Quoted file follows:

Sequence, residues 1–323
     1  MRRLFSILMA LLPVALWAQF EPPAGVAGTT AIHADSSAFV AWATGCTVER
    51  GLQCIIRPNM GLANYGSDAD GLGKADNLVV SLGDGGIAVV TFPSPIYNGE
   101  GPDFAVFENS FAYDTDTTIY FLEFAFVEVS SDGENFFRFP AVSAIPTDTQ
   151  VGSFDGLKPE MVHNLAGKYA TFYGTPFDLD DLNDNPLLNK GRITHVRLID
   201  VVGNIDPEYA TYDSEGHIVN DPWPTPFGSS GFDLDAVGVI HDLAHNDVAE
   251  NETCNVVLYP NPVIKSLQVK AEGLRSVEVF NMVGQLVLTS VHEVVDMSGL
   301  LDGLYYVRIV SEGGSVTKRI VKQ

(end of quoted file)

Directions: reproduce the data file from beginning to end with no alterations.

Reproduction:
Sequence, residues 1–323
     1  MRRLFSILMA LLPVALWAQF EPPAGVAGTT AIHADSSAFV AWATGCTVER
    51  GLQCIIRPNM GLANYGSDAD GLGKADNLVV SLGDGGIAVV TFPSPIYNGE
   101  GPDFAVFENS FAYDTDTTIY FLEFAFVEVS SDGENFFRFP AVSAIPTDTQ
   151  VGSFDGLKPE MVHNLAGKYA TFYGTPFDLD DLNDNPLLNK GRITHVRLID
   201  VVGNIDPEYA TYDSEGHIVN DPWPTPFGSS GFDLDAVGVI HDLAHNDVAE
   251  NETCNVVLYP NPVIKSLQVK AEGLRSVEVF NMVGQLVLTS VHEVVDMSGL
   301  LDGLYYVRIV SEGGSVTKRI VKQ